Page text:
As Industry 4.0 continues to blaze footprints through the first quarter of the 21st century, it is crystal clear that the IIoT (Industrial Internet of Things) is the next industrial revolution. By realizing foreseen benefits of IoT in manufacturing, global manufacturers are heavily investing to interconnect equipment to upgrade the existing factories to smart factories.
A study indicates that by the end of this year, manufacturers will invest $70 billion in IoT technology and IoT solutions, a sharp accretion from $29 billion in 2015. It has been realized that within 3-4 months of implementation, manufacturing units have improved their overall equipment efficiency by 24%, reduced product defects by 16%, increased labor utilization by 12 points, and increased the production line output by 10%.
There are hundreds of use cases of IoT people talking over the internet. But, the following are the 4 key IoT use cases early adopters are considering implementing in the manufacturing industry:
In the world of IIoT, future predictions and technology applications are comprehensive; risks are unclear and standards haven’t been established yet but selected business applications have been raised as drivers for near-term adoption. One such driver is enhancing asset utilization. According to an Industrial Internet Survey by the World Economic Forum, maximizing asset utilization ranked the top reason to adopt IoT technology. 79% of the respondents cited the reason “extremely important” or “very important” for early adoption.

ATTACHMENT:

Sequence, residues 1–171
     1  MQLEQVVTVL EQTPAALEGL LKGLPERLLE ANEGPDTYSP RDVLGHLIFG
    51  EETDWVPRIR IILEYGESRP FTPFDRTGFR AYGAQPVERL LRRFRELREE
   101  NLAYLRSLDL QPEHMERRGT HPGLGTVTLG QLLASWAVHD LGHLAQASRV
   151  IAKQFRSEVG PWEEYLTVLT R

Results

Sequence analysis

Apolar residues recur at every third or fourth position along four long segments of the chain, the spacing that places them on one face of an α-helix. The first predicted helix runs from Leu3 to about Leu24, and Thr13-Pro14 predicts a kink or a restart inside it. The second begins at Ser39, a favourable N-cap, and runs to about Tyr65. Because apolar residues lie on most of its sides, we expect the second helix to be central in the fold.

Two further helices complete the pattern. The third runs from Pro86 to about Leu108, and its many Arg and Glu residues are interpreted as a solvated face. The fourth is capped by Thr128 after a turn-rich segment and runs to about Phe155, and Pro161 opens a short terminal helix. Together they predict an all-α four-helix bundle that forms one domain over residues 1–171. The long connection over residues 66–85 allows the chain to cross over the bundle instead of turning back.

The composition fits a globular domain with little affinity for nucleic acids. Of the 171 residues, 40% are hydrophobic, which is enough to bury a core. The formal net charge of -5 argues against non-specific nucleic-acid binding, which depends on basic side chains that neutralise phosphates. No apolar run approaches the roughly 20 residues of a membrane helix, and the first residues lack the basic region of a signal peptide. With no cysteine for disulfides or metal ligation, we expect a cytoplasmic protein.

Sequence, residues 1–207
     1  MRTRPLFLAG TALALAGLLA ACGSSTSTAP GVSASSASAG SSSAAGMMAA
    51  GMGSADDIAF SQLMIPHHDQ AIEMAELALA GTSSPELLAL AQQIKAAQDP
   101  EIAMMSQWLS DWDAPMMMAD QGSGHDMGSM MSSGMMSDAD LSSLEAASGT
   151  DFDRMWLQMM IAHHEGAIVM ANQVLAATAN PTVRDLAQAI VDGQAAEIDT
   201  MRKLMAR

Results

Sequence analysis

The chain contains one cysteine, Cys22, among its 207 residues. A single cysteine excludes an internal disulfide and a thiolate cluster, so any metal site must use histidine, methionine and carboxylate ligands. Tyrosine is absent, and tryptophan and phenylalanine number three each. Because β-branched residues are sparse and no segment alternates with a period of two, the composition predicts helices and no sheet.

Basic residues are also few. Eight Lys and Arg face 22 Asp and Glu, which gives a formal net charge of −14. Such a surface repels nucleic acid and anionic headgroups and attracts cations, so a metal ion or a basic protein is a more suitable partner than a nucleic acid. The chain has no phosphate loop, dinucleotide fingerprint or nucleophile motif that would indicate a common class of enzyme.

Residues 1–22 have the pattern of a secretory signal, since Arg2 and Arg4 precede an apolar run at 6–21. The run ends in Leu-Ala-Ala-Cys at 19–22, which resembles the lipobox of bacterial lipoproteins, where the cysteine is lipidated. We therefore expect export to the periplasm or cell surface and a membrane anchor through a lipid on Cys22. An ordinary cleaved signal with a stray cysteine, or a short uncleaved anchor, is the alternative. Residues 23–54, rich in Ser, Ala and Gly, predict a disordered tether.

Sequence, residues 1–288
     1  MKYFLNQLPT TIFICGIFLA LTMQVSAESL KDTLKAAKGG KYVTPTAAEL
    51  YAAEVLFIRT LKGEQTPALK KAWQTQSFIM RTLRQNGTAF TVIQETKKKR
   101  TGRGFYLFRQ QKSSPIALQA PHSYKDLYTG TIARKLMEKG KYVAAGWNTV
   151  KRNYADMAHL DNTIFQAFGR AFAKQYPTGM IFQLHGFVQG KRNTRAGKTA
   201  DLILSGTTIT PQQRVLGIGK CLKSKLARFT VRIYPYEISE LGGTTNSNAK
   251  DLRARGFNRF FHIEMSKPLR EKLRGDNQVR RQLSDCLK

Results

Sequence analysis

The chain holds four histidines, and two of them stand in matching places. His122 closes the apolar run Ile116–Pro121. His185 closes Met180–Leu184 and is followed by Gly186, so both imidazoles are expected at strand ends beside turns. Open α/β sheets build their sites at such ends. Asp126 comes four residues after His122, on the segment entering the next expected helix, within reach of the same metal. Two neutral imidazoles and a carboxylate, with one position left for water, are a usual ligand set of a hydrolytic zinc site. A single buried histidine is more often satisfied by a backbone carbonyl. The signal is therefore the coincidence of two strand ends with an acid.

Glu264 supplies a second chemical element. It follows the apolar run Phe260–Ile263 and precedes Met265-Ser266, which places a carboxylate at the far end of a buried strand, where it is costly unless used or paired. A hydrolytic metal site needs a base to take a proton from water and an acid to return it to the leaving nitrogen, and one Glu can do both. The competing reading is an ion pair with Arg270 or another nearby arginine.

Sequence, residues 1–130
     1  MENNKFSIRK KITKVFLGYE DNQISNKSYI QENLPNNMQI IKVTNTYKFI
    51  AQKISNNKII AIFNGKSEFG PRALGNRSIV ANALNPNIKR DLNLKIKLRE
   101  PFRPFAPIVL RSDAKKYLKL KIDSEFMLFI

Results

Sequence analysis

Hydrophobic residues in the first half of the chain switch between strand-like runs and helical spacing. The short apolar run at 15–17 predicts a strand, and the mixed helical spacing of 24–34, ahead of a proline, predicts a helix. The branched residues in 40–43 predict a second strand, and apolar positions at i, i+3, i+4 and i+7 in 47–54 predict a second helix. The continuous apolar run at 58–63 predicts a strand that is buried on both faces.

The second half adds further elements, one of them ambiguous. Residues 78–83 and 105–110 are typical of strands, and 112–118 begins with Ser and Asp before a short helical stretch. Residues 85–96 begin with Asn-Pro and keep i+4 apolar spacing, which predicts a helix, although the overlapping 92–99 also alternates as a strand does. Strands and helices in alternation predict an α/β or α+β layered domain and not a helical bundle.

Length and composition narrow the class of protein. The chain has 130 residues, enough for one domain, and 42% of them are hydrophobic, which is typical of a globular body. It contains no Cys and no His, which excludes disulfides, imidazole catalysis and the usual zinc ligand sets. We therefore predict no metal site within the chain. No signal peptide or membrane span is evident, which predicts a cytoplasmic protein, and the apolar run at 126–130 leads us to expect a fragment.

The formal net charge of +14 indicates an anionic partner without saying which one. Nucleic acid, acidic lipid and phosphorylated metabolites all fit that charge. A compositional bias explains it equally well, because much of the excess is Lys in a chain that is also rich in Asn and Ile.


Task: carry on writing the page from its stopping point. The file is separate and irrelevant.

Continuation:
Faults and shortcomings in the final product upsurge expenditure and overburden employees in the manufacturing process. To mitigate these issues, manufacturers can utilize the IIoT features and one such is Digital Twins. It replicates the developing product in a digital form. By retrofitting sensors, manufacturers gather data about their equipment’s entire working mechanism and the expected output from each unit. The data, ingested from the digital replica, enables managers to analyze the efficiency, effectiveness, and accuracy of the system. It also helps in identifying potential bottlenecks in their product which helps managers to create a better version of the products.
Supply Chain Management
IoT devices track and trace the inventory state in real time. Manufacturers can monitor their supply chain by having real-time insights into the available resources. It includes information related to the Work in Process, equipment collection, and the delivery date of required raw materials. Some of the IoT vendors also provide the integration of their IoT solutions with the existing ERP systems of manufacturers which eliminates the need for manual documentation for operations. It avails the facility of cross-channel visibility into multiple departments and helps the stakeholders in examining the undergoing progress which in return reduces the expenditure due to mismanagement and lack of analysis in the organization.
Keeping equipment up and running significantly decrease operational expenditures, saving manufacturers millions of dollars. By using sensors, cameras, and data analytics, managers in the range of various production lines are now able to determine when a piece of machinery will fail before it actually does. IoT-enabled systems can sense warning signs by using data which helps managers create maintenance timelines and schedule equipment service before any problem occurs.
So, are you looking for IoT Solutions in your manufacturing business, contact us today!